March 6, 1899 – John M. and Matt Browning write to T.G. Bennett of Winchester that they have a new automatic shotgun they would like to show him at the end of the month in New Haven. The shotgun would eventually become the famous browning Auto-5.

March 24, 1902 – John M. Browning signs a contract with Fabrique Nationale (FN) for worldwide rights to produce his new autoloading shotgun, with a royalty to the inventor on each gun built. Browning remained at the FN factory for several months getting production underway. It new gun would be called the Browning Auto-5, the world’s first successful semi-auto shotgun and it would remain in the Browning and FN product line for nearly a century. Browning was so confident in the product he personally ordered 10,000 Auto-5 shotguns for the US market, and they were sold in less than a year. As restrictive trade tariffs enacted by the US Congress make the imported gun prohibitively expensive to the American sportsman, Browning negotiated for the US production rights for the Auto-5 for Remington, which introduced the gun in 1905 as their Model 11.

March 28, 1887 – John M. Browning is called into missionary service for the Mormon Church. He spends the next two years proselyting for the faith in Georgia. Upon his return home to Ogden, Utah, he engages in a flurry of design work resulting in 20 new patents over the next three years.

March 29, 1915 – After a year of development, Colt begins production a John M. Browning designed autoloading .22 rimfire pistol. The gun soon becomes known as the Colt Woodsman, and its half-length slide is the basis for a number of similar designs by competing manufacturers around the globe.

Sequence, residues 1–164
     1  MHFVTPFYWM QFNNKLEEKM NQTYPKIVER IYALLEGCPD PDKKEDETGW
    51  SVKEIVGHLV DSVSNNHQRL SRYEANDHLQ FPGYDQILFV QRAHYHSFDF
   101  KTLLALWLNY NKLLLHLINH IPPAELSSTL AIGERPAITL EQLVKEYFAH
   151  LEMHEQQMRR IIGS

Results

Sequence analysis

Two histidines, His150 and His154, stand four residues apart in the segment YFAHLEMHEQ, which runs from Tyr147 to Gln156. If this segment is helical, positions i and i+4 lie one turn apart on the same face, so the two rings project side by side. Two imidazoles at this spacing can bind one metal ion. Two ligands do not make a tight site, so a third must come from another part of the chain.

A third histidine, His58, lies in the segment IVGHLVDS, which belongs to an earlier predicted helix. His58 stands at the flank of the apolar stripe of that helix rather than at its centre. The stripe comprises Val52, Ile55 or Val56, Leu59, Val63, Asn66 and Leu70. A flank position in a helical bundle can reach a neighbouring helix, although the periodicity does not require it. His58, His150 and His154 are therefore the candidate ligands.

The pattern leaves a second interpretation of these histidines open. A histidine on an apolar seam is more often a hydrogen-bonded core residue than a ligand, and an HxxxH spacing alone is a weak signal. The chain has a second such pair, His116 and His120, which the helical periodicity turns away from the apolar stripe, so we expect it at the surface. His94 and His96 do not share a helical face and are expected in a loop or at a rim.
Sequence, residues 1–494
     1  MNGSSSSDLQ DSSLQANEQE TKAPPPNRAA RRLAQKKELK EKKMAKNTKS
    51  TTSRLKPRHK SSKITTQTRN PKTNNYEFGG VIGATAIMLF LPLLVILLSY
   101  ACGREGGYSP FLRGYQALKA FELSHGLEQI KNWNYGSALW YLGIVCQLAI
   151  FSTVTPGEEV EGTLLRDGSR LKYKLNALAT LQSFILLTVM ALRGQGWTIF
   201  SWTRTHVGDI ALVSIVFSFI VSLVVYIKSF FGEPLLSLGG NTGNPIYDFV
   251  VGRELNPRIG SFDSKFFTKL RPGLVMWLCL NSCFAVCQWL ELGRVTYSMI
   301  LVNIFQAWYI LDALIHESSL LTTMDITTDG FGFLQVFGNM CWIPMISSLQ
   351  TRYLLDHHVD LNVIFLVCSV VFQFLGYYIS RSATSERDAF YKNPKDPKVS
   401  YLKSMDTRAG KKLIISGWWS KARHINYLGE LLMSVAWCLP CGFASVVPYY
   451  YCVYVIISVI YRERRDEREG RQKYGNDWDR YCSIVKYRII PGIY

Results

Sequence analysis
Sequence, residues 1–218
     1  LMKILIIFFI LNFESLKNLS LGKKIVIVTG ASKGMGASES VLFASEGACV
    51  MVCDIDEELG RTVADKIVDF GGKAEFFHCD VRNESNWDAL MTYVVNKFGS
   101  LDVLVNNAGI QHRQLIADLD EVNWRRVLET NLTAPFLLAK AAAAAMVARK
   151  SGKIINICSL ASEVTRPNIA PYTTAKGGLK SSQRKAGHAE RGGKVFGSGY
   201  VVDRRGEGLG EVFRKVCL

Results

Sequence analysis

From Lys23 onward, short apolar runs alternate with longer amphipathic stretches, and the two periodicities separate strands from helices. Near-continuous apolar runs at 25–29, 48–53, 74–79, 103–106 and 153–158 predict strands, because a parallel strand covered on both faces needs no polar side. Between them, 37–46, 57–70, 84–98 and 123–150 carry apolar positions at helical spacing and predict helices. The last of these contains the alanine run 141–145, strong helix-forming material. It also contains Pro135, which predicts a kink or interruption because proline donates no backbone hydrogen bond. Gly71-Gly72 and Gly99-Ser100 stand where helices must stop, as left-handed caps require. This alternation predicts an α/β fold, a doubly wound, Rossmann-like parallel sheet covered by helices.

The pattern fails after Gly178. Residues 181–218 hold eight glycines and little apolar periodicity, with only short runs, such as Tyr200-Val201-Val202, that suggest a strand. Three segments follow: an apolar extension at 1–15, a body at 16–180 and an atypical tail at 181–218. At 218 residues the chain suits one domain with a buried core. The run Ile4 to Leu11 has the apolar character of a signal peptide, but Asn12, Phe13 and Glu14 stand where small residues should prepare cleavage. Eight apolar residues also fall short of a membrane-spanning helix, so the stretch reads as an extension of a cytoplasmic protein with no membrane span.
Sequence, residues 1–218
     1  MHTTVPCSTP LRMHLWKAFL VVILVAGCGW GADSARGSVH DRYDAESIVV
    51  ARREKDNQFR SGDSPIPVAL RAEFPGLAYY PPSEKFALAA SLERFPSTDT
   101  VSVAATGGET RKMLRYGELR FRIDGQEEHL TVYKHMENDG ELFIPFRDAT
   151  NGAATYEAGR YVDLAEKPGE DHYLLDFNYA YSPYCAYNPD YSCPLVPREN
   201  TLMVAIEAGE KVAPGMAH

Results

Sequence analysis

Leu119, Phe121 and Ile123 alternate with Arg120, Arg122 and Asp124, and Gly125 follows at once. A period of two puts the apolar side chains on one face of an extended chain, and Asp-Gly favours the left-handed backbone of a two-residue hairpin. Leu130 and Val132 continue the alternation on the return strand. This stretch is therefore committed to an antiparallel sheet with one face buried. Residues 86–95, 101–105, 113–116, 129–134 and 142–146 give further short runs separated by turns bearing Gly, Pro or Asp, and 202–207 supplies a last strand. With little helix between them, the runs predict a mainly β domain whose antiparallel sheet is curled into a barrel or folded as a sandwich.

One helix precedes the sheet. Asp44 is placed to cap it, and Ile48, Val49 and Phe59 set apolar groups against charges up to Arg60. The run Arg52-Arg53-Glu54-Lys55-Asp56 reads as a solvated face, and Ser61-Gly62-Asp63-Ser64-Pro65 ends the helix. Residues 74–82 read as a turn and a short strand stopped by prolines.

April 10, 1879 – John Moses Browning marries Rachel Teresa Child in Ogden, Utah.


May 12, 1879 – John Moses Browning files for a patent on his single shot rifle design. The patent is granted on October 7, 1879. The gun becomes known as the Browning Single Shot, and the patent model is on display at the Smithsonian. The design was later sold to 

Late May 1884 – John M. Browning files a patent for a large frame lever action rifle with a tubular magazine under the barrel, and the patent is granted in late October of the same year. The design is capable of handling the largest and heaviest black powder cartridges of the day. The design is sold to Winchester Repeating Arms and becomes their Model 1886. The original design would remain in the Winchester product line for more than 70 years.


June 6, 1900 – John M. Browning files a patent application for a new autoloading centerfire rifle. The patent is approved on October 16, 1900, and the new gun is introduced by Remington as the Model 8 in 1906. It was the first successful autoloading centerfire rifle. Fabrique Nationale (FN) produces the rifle for the international market beginning in 1910.

June 21, 1879 – Jonathan Browning, father of John M. Browning and the first of four generations of firearm inventors, dies at age 74 in Ogden, Utah. Shortly before his death he has the chance to test fire his son’s new single shot rifle, and was secure in the knowledge that his son was soon to be a great firearm designer in his own right.